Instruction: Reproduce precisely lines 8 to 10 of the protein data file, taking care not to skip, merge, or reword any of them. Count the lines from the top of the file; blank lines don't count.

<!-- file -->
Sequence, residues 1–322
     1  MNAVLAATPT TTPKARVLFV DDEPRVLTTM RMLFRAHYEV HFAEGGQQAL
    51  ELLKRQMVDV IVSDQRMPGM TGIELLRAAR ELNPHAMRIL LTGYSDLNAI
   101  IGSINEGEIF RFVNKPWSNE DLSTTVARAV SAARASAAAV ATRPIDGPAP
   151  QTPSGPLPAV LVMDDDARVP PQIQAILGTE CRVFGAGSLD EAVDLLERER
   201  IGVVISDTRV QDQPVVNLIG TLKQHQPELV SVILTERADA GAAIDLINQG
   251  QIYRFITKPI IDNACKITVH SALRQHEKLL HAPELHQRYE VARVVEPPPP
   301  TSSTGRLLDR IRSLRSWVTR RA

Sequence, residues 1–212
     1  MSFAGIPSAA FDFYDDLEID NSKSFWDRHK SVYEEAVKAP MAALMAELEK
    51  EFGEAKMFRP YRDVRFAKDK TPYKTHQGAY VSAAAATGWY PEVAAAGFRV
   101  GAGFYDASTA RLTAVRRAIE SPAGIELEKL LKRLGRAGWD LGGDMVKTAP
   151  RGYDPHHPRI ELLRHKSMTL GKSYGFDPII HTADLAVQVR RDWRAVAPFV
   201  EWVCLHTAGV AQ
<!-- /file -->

   301  TSSTGRLLDR IRSLRSWVTR RA

Sequence, residues 1–212
     1  MSFAGIPSAA FDFYDDLEID NSKSFWDRHK SVYEEAVKAP MAALMAELEK